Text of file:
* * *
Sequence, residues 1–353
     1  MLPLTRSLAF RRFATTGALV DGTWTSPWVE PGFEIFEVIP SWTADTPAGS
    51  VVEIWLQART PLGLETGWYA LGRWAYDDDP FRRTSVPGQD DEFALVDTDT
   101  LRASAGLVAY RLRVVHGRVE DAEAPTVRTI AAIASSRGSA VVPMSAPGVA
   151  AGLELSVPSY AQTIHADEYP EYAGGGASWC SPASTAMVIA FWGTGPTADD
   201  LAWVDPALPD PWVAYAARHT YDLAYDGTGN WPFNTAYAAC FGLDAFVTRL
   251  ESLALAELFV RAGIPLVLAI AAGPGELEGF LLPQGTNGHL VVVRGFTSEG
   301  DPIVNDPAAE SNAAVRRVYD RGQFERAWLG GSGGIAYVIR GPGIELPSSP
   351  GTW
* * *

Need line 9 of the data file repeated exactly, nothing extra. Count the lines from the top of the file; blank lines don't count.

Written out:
   351  GTW